50/50 Gives Great Odds of Success

What is so funny about cancer? It’s heart breaking, it takes lives and even the will to live from so many people. Can a comedic actor (Seth Rogen) who’s been in movies about being a 40-year-old virgin, a burn-out pot smoker and making a porno flick have any chance to tackle such a serious subject?

He does if he is paired with the right cast and writer. Luckily Rogen plays wonderfully off his co-star, Joseph Gordon-Levitt, who has experience in dramatic roles such as “Inception” and “The Lookout.” And, he is backed a talented writer, Will Reiser, with “50/50” being his first major film screenplay.

We are introduced to our cancer patient Adam (played by Levitt), as young, pleasant man who runs, doesn’t smoke, doesn’t drink and recycles. He has a good life with a pretty girlfriend, Rachael (played by Bryce Dallas Howard) and has a good job. In public radio.

After experiencing back pain, he goes to the doctor. His doctor bluntly explains to him that he has a tumor on his back. Everything becomes a blur for Adam for the next 30 seconds; I’ve been told this is quite normal for people who hear this sort of news.

What does a 27-year-old do when he finds that he has a 50/50 chance of survival? First he breaks the news to his girlfriend who tells him she will support him. Next he breaks the news to his best friend, Kyle (played by Rogen), who tells him that he can beat this thing. Then it’s on to his over-protective mother, Diane (played by Angelica Huston) who only wants to smother with constant check-in phone calls.

To help adjust to his new disease, Adam attends therapy with a young doctor (actually, she is a soon-to-be doctor), Katie (played by Anna Kendrick). Here Adam slowly starts going through the five stages of grief (starting with denial and ending with acceptance).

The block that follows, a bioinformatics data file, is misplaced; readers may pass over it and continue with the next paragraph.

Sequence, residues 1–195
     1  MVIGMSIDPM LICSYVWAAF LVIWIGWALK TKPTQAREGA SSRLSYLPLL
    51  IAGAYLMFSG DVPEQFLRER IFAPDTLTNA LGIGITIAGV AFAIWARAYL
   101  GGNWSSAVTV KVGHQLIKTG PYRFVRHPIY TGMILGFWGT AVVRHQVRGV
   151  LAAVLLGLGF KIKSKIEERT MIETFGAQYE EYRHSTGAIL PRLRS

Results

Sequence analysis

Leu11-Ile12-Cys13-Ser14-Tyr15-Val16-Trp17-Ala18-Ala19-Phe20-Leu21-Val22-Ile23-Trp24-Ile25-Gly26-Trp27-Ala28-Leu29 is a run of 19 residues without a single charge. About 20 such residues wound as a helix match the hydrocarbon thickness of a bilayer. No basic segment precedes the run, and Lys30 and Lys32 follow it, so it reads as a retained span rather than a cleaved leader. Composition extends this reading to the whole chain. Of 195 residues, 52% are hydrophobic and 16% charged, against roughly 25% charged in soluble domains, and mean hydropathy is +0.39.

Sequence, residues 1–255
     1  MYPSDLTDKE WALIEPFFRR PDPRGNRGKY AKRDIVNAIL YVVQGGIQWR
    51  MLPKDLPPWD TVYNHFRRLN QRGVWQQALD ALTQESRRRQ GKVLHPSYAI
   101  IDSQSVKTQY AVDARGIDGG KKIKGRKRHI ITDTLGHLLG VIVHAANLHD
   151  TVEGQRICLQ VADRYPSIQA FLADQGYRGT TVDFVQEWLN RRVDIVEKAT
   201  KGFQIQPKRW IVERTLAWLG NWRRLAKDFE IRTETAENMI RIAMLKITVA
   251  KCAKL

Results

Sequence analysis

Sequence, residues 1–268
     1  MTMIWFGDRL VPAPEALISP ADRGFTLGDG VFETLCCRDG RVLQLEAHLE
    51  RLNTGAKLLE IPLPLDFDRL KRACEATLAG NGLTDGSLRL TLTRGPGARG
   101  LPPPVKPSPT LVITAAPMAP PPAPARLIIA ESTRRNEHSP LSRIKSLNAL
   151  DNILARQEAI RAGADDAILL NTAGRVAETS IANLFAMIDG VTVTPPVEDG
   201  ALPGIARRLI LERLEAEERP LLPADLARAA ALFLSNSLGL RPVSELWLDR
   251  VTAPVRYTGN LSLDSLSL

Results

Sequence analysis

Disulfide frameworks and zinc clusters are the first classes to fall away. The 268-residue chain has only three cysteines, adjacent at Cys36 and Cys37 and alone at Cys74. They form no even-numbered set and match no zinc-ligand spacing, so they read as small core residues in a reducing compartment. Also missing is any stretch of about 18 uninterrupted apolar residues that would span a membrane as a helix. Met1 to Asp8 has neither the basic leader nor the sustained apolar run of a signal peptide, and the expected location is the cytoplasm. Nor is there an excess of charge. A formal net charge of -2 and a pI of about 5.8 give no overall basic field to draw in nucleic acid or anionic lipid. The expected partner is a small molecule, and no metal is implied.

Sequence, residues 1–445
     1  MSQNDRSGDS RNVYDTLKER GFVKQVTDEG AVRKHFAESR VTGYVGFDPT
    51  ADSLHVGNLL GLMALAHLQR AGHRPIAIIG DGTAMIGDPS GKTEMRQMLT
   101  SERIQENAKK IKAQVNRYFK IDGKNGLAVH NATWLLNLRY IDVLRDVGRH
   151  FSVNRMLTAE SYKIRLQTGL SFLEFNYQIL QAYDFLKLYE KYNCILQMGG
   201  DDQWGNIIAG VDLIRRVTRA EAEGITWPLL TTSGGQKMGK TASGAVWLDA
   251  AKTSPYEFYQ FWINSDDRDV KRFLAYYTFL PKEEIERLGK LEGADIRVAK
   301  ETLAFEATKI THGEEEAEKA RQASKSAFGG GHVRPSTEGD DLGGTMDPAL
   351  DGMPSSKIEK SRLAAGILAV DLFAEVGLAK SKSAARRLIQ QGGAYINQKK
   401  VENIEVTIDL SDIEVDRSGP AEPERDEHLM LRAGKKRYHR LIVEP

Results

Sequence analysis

With such serious subject matter the movie picks up in the humor department when veteran actor Phillip Baker Hall arrives as a fellow cancer patient. Hall provides plenty of comedic f-bombs to remind us that we can laugh at serious subject matter.

But what else would a 27-year-old do when he finds that he has a 50/50 chance of survival? He resorts to medicinal marijuana. And lots of it. He also focuses solely on himself and his problems like any young man would. As the audience, we move from empathizing with him because he is in a terrible situation to realizing that even though he has cancer, it doesn’t make him immune to being a jerk. He focuses so much of his time on what he is going through, he forgets about those around him are also afflicted by this disease.

Should you see this movie? Yes, with Rogen and Levitt it was a pleasure to see them work off each other like they were old high school buddies facing an adult situation together. Going from the “let’s get a six pack and chase women around” mentality to the “let’s act like adults and face this together” was great to see.

The stand out character would have to be Adam’s dad, Richard (played by Serge Houde). He didn’t say much because his character has Alzheimer’s. But it was a smart idea to place his character in this story to remind Adam and the audience that even though that he is going through tough times there are always people who have it just as bad, if not worse.

Leave a Reply